Out of all of the elements of the polarizing mother! to be controversial, one wouldn’t expect the title to be one of them, but the awkward non-capitalization at the beginning coupled with the exclamation point at the end has been playing hell with the auto-correct of critics everywhere (including my own). But mother! is hardly the first movie to feature strange characters in its name; from Airplane! to Land Ho!, movie titles have gotten creative with their punctuation. Because this is Cinema Fearité, we’re going to take a gander at a horror movie with an exclamation – 1961’s Bloodlust!
Bloodlust! is about four youngsters – Johnny (Robert Reed, better known as Mike Brady on “The Brady Bunch”), Betty (Attack of the Puppet People’s June Kenney), Pete (The Spider’s Gene Persson), and Jeanne (Joan Lora from Lure of the Swamp) – who are on a boating trip. Their captain gets drunk, so to kill time while he sobers up, the quartet decides to explore a nearby island. When they get stranded there, they discover that it is inhabited by an eccentric millionaire named Dr. Albert Balleau (Wilton Graff from Valley of the Zombies and Just Before Dawn) who lures people to his island in order to hunt them down for sport – and the group of kids are his next prey.
That plot probably sounds familiar, especially to loyal and longtime Cinema Fearité readers. Bloodlust! was adapted by writer/director Ralph Brooke (The Right Hand of the Devil, Giant from the Unknown) from the same (uncredited) Richard Connell short story that was made into The Most Dangerous Game in 1932. Bloodlust! is more exploitative than The Most Dangerous Game, playing the material as melodrama instead of high art, so it’s not as serious and, thus, an American literature staple is turned into a classic of B-movie greatness.
One of the reasons why Bloodlust! is so much fun is the performance of Wilton Graff as the demented Dr. Balleau. Graff does his best Vincent Price impression, twisting his moustache and overexplaining his diabolical plot in a Bond Villain-esque way. Graff pulls out all the stops, using his powerful presence and evil-sounding accent to remove all doubt about his character’s nefarious motives and schemes. He’s a great villain who all but carries the film.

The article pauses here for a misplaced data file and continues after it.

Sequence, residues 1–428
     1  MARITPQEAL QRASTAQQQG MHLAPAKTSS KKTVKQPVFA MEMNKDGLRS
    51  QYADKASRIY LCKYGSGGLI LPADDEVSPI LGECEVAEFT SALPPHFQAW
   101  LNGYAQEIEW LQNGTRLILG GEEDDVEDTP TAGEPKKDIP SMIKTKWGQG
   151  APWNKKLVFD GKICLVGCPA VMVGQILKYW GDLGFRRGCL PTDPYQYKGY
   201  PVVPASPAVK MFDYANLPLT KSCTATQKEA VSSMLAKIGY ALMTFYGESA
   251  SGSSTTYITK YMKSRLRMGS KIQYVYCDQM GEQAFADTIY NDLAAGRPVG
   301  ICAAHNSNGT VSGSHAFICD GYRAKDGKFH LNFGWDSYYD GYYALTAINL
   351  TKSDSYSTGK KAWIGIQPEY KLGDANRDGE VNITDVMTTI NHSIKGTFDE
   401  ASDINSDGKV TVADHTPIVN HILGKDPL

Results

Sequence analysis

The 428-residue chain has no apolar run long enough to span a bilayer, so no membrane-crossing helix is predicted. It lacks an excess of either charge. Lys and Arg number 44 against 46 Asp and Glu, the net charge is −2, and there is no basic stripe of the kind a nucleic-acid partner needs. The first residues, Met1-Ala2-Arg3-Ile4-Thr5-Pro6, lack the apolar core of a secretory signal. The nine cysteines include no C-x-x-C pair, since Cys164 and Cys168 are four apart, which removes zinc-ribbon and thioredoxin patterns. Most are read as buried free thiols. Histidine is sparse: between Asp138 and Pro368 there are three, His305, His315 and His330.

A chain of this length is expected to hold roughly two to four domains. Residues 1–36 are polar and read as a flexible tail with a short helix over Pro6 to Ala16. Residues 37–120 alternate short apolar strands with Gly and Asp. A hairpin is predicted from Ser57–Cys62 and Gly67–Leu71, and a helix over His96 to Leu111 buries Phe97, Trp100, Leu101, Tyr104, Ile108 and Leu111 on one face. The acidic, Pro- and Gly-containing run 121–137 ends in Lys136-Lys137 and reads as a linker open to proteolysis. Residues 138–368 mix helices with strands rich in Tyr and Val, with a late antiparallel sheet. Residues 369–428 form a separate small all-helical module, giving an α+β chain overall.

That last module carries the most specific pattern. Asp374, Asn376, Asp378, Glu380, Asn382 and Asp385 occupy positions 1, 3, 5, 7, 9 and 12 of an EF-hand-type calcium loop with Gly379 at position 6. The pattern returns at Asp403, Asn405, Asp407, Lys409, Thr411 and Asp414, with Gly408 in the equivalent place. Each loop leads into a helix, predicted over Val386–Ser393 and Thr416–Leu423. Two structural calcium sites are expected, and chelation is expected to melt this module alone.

For every villain, however, there needs to be a hero, and the dashing, suave leader of the hunted kids is played by a young Robert Reed. Reed is the anti-Graff in Bloodlust!, the shining armor, sparkling smile protagonist who defends the ladies and leads the guys in their struggles against Balleau. He’s not exactly action hero material, but he is charismatic and charming, so the audience does root for him, particularly against the especially nasty Dr. Balleau. He’s a long way from being Mr. Brady, but Robert Reed deftly handles the good-guy side of Bloodlust!
The music in Bloodlust! is just as melodramatic as the rest of the movie. The score was composed by Michael Terr (AKA Manuel Francisco/Mischa Terr, who also scored The Devil’s Hand and Anatomy of a Psycho), and it sounds, in a nutshell, like stock music. And that fits Bloodlust! perfectly fine, as it is full of shouting horns and stinging strings that emphasize the campy moments while accenting the suspenseful ones. When a blind is pulled up on a water tank to reveal one of Dr. Balleau’s previous victims being prepared for taxidermy, the audience is slapped with an orchestral stab to make sure that they feel the full impact of the image. Corny, yes, but the whole movie has that silly B-movie vibe, so it works.
The exclamation point in the title of Bloodlust! is there for a reason. With a movie this unsubtle, you don’t just say the title, you shout it loud.